This former Ted Cruz advisor is trying to keep Republicans he once advised from stealing the 2024 election
Senator Ted Cruz speaking with attendees at the 2021 Young Latino Leadership Summit. (Gage Skidmore)

The Big Lie — the false and totally debunked claim that the 2020 presidential election was stolen from Donald Trump because of widespread voter fraud — continues to be aggressively promoted on the MAGA far-right, from MyPillow CEO Mike Lindell to Arizona gubernatorial candidate Kari Lake to Trump himself. Many Democrats have been warning that Trump and his allies, if left unchecked, will try to use the vagueness in the Electoral Count Act of 1877 to steal the 2024 presidential election. But some Trump critics on the right are sounding the alarm as well, and former Appeals Court Judge J. Michael Luttig has been advising GOP senators on the ECA.

Luttig, in an op-ed/essay published by the New York Times on Valentine’s Day 2022, makes a conservative argument for strengthening the ECA, addressing its vagueness and avoiding a MAGA power grab in the 2024 election. The former judge is well-known on the right, and Sen. Ted Cruz of Texas is among the Republicans he has advised along the way. But now, he finds himself at odds with Cruz and other Trump supporters when it comes to the Electoral College.

“The clear and present danger to our democracy now is that former President Donald Trump and his political allies appear prepared to exploit the Electoral Count Act of 1887, the law governing the counting of votes for president and vice president, to seize the presidency in 2024 if Mr. Trump or his anointed candidate is not elected by the American people,” Luttig explains. “The convoluted language in the law gives Congress the power to determine the presidency if it concludes that Electoral College slates representing the winning candidate were not ‘lawfully certified’ or ‘regularly given’ — vague and undefined terms — regardless of whether there is proof of illegal vote tampering.”

Luttig adds, “After the 2020 election, Republican senators like Ted Cruz of Texas and Josh Hawley of Missouri tried to capitalize on those ambiguities in the law to do Mr. Trump’s bidding, mounting a case for overturning the results in some Biden-won states on little more than a wish. Looking ahead to the next presidential election, Mr. Trump is once again counting on a sympathetic and malleable Congress and willing states to use the Electoral Count Act to his advantage.”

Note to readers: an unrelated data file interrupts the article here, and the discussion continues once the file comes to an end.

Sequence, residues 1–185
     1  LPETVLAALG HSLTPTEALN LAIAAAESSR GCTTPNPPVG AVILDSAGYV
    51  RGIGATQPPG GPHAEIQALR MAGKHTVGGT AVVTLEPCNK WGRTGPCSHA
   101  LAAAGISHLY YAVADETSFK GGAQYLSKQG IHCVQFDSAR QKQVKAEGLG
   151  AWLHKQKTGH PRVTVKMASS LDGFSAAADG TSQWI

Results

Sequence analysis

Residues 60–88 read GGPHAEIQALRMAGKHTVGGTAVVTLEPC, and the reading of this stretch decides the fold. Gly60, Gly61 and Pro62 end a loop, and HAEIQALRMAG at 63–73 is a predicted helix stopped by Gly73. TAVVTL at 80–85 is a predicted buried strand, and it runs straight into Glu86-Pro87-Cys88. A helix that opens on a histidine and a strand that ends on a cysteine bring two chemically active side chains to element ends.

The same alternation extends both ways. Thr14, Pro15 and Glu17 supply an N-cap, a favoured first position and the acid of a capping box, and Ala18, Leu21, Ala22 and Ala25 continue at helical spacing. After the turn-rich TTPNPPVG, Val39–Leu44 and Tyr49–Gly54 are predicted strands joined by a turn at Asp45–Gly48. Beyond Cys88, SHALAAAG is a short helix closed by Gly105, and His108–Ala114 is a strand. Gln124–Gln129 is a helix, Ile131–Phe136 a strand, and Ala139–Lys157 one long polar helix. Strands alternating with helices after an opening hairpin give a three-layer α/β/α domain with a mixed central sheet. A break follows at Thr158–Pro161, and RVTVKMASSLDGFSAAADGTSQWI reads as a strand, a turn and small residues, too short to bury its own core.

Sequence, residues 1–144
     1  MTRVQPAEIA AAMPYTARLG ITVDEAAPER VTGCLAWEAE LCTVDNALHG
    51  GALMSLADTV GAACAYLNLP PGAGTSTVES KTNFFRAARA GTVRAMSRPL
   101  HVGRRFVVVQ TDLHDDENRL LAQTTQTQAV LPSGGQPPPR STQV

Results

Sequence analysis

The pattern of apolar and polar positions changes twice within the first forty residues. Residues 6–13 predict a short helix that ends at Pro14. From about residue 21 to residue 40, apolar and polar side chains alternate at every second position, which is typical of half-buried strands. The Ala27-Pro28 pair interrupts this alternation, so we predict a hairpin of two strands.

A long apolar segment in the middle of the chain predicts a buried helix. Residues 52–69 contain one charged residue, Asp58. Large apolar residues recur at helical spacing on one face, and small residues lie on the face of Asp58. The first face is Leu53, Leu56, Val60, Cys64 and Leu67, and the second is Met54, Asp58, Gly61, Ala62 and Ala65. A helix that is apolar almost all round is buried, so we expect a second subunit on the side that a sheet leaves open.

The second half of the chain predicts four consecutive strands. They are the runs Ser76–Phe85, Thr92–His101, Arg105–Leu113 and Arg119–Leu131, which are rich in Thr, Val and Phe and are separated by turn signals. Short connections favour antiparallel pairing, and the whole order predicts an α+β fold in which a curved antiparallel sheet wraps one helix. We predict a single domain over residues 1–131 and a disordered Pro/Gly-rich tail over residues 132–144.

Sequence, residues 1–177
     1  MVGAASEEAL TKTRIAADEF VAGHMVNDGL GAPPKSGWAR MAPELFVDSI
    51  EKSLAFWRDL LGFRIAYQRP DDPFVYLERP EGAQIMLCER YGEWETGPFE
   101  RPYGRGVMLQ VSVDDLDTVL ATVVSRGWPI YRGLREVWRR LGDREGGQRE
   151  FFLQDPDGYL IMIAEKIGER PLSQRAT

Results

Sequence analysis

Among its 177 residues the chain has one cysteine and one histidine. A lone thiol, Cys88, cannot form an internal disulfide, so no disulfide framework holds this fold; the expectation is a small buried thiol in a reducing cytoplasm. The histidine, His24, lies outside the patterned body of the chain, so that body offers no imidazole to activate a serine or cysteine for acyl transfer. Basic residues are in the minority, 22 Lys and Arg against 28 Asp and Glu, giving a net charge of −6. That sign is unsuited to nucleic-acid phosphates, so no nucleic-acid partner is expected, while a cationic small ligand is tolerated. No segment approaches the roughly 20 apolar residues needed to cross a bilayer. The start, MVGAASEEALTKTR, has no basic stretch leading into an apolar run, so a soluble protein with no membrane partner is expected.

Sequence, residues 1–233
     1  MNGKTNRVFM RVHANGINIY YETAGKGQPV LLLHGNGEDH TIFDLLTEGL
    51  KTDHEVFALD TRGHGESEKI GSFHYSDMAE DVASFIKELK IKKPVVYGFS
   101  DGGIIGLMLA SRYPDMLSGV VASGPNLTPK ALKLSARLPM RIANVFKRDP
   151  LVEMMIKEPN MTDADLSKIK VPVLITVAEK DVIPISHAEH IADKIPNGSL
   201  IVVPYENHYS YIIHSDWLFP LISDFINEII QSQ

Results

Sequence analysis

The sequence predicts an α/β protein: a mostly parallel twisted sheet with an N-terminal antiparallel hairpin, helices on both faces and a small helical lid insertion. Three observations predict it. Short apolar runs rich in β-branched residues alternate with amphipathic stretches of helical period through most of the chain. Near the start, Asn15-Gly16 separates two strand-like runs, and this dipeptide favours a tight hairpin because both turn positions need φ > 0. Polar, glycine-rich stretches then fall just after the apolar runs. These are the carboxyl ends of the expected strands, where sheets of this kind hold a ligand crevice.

Trump, Luttig notes, has been slamming former Vice President Mike Pence for not “overturning” the 2020 election results — and Pence, standing up to Trump for a change, has responded that he is “wrong.”

“The back-and-forth repudiations by Mr. Trump and Mr. Pence lay bare two very different visions for the Republican Party,” Luttig observes. “Mr. Trump and his allies insist that the 2020 election was ‘stolen,’ a product of fraudulent voting and certifications of electors who were not properly selected. Over a year after the election, they continue to cling to these disproved allegations, claiming that these ‘irregularities’ were all the evidence Mr. Pence needed to overturn the results, and demanding that the rest of the GOP embrace their lies.”

Luttig goes on to say that this “fissure” in the GOP is “presenting an existential threat to the party in 2024.” And according to Luttig, strengthening the ECA would be beneficial for both of the United States’ two major political parties.

“Democrats, for their part, should regard reform of the Electoral Count Act as a victory — essential to shore up our faltering democracy and to prevent another attack like the one at the Capitol on January 6, 2021,” Luttig advises. “These are actually the worthiest of objectives. Republicans should want to reform the law for these same reasons, and more. Of course, some may never support reform of the Electoral Count Act simply because the former president has voiced his opposition to the efforts to revise it. But there are consequential reasons of constitutional and political principle for the large remainder of Republicans to favor reform in spite of the former president’s opposition.”

In an article published by Mother Jones on February 15, reporter Pema Levy stresses that Luttig now finds himself in strong disagreement with some Republicans who were clerks for him in the past — including Cruz and attorney John Eastman.

“In the lead-up to the January 6 insurrection,” Levy observes, “Luttig found himself pitted against Eastman. Trump was putting pressure on Vice President Mike Pence to delay certification of the election that day. One of his lawyers, John Eastman, was the architect of this insane legal strategy. He wrote a memo to Pence outlining his supposed authority to stop the certification of Biden’s win. Under pressure, Pence turned to Luttig for advice, and Luttig refuted Eastman. When Pence announced on January 6 that he would not interrupt Congress’ counting of the electoral votes, he quoted Luttig.”

Luttig, in his Times op-ed/essay, argues that because Republicans and conservatives favor “limited federal government,” it “should be anathema to them that Congress has the power to overturn the will of the American people in an election that, by constitutional prescription, is administered by the states, not Washington.”

The conservative ex-judge warns, “It is hardly overstatement to say that the future of our democracy depends on reform of the Electoral Count Act…. Come to think of it, the only members in Congress who might not want to reform this menacing law are those planning its imminent exploitation to overturn the next presidential election.”